If the size of the beads are too small on your screen and it's making things difficult to design, there's a couple ways to increase the size of them.
If that's not good enough, you can change the base size for all beads
It is not possible to convert a PDF that contains a pattern into a viable pattern through BeadTool's transfer functions. No software can create a copy of a copy with any amount of accuracy.
If you have a PDF of a pattern that you would like to copy, you would be better off contacting the author of that pattern and asking for a revision.
If you are the author of that PDF and want to get it into BeadTool, your best bet would be to extract the image from the PDF, load that image into BeadTool and hand-trace it.
BeadTool stores user-specific metadata inside every pattern, palette and layout you save. By default, this information is the same as your registration name and email.
However, you can change the information that gets saved by
Now every time you save a pattern, palette or layout, that new information will be saved with the file.
Note: You will need to go back and re-save each file that you want the new information to be included in.
You can perform contextual clicks on your Mac by clicking your mouse button while holding down the Control key on your keyboard.
Note: Apple likes to do their own thing so they don't include standard mice with their computers. However, you can use any 3-button mouse on a Mac.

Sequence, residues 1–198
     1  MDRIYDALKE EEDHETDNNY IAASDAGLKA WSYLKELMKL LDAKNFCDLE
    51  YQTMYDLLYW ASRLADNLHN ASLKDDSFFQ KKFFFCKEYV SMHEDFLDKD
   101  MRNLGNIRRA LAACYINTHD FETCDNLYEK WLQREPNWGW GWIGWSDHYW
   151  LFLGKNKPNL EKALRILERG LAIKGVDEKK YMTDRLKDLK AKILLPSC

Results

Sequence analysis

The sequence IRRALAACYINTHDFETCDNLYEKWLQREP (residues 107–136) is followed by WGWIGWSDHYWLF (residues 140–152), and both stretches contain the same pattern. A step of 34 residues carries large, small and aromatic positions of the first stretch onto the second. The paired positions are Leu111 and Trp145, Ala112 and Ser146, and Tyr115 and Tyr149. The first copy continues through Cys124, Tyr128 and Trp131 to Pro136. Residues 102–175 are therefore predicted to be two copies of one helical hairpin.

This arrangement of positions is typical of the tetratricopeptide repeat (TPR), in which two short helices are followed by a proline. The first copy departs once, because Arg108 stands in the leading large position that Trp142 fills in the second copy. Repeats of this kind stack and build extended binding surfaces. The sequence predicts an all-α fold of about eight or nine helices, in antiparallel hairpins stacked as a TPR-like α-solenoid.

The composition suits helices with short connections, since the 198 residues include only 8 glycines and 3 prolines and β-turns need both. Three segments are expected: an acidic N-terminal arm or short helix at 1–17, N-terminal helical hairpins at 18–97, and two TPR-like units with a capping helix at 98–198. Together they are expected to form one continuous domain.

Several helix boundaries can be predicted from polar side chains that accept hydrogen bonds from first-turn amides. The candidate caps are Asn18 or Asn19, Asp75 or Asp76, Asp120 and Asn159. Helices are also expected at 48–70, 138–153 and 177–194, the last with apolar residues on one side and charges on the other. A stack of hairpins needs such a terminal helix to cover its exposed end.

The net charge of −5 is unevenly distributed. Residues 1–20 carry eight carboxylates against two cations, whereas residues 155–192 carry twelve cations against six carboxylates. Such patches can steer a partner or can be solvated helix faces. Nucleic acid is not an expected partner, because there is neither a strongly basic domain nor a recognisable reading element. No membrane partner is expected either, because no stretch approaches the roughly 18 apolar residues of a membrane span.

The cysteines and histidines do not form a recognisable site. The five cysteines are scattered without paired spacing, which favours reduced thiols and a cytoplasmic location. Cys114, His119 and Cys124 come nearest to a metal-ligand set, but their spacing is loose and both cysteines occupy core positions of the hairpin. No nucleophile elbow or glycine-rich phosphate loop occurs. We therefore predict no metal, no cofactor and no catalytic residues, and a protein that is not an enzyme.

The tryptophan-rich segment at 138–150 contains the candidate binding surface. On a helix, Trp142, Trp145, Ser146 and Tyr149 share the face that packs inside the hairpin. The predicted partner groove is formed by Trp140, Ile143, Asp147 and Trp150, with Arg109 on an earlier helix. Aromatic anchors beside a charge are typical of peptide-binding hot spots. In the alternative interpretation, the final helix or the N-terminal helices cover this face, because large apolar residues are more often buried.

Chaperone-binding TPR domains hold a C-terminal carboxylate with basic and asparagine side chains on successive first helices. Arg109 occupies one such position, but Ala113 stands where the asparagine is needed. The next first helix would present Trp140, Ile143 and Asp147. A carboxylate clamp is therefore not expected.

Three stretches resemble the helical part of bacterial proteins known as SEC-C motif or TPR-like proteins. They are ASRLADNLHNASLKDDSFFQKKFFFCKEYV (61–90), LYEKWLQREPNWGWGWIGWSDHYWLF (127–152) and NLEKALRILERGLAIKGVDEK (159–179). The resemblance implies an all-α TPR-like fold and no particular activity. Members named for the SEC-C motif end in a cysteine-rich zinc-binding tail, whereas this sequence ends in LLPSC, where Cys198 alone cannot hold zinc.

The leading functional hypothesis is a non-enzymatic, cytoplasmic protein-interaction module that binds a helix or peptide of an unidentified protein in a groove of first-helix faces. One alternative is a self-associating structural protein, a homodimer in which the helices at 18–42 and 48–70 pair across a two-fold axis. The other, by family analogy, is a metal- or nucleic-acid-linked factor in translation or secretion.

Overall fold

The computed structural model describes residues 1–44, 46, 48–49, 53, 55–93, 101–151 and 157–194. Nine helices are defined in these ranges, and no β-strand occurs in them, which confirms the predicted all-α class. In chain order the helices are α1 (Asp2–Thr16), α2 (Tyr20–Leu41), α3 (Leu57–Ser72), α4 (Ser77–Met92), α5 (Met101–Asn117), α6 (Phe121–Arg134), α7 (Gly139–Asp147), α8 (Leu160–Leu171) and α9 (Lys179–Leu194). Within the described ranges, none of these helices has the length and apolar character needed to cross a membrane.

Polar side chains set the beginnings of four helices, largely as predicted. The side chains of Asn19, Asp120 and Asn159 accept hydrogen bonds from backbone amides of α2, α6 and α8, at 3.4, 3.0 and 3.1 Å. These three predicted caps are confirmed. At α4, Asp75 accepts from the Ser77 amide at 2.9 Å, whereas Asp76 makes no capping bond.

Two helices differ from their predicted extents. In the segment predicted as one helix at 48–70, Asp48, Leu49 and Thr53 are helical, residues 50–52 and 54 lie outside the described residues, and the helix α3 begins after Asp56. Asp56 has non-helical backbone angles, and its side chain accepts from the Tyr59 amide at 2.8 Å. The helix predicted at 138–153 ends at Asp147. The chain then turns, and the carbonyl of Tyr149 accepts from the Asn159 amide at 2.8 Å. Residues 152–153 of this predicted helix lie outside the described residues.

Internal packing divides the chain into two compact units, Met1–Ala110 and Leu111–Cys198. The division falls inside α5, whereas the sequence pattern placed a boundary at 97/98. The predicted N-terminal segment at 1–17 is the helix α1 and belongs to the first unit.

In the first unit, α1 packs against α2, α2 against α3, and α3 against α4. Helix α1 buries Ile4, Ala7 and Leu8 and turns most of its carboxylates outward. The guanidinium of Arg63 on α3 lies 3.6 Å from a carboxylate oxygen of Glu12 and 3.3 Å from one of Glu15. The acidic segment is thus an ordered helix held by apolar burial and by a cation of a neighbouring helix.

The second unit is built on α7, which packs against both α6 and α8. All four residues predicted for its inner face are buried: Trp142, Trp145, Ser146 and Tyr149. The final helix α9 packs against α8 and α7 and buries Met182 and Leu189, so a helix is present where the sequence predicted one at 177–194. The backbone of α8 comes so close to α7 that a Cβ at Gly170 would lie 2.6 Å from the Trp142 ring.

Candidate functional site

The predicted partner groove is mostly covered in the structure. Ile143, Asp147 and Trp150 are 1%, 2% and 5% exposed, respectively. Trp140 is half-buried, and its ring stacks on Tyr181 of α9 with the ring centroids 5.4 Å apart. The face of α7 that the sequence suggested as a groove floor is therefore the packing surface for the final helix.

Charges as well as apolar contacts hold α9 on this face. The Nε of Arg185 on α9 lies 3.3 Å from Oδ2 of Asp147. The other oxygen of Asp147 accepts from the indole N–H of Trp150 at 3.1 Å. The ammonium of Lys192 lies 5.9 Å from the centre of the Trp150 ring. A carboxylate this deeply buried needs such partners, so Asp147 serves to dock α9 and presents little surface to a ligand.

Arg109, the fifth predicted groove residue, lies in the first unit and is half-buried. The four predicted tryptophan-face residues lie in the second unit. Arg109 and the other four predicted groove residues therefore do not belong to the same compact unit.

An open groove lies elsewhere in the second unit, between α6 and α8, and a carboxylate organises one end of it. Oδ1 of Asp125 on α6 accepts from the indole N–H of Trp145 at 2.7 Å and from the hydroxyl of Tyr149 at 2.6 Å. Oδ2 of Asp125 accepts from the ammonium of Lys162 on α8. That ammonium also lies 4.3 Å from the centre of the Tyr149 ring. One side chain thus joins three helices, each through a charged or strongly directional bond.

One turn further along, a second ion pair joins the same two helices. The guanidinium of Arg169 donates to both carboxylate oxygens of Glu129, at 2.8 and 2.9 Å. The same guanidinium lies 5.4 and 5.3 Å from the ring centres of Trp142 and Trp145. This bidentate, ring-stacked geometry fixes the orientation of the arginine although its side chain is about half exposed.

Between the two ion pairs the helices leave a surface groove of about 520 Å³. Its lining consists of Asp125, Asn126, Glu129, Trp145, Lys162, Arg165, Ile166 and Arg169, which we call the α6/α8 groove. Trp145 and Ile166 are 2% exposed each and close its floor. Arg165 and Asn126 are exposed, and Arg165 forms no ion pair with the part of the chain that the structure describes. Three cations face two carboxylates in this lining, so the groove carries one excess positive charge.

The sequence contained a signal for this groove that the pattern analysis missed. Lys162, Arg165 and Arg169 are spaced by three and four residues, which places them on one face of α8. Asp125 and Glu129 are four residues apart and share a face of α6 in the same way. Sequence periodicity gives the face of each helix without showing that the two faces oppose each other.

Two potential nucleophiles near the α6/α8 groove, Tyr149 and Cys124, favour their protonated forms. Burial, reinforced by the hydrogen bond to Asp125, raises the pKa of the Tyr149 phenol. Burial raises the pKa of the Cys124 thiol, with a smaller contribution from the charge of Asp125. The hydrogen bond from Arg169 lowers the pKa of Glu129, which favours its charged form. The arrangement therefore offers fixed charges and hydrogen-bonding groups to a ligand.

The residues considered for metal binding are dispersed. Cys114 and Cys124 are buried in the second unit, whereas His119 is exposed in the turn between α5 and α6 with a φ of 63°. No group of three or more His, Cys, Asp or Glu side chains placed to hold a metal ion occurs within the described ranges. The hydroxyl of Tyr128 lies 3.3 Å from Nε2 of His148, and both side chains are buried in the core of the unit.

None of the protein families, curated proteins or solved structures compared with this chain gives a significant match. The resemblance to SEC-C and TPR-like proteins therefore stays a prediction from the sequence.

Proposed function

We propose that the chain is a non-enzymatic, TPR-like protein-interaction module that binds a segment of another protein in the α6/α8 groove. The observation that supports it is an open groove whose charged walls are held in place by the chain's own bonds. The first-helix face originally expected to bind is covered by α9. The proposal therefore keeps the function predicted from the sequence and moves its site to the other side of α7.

It's not possible to change the orientation of the pattern in BeadTool 4. A future version will have this feature.
A shaped pattern in BeadTool is called Freeform. Although cells in a pattern will always exist, you can hide them.
If you have extra space on any side of your pattern, it's a good idea to trim it before enabling the Freeform option.
Stamps let you save smaller parts of one pattern so that you may reuse them in different ones. There's a video about stamps here.
If you've watched the video already and still find that you can't save any stamps, it's because you're clicking the Save menu item under the File menu instead of the Save button under the Edit menu.
You can save your pattern's current list of beads as a custom palette very easily. This comes in handy when you want to create a new pattern with that same limited set of bead colors.
Now you can change the current palette to the one you just saved and start designing.
By default, BeadTool does not show the center markers in your pattern but you can change your settings to show them.
United States copyright laws are very clear on this: As soon as you create a work, it is considered copyrighted and nobody can tell you what you're allowed to do with it.
In other words you have the legal right to sell anything you create no matter what software you used to create it with.
These types of work are protected under US copyright law
However, derivative works are a different story and you should think carefully before selling something you did not create entirely on your own.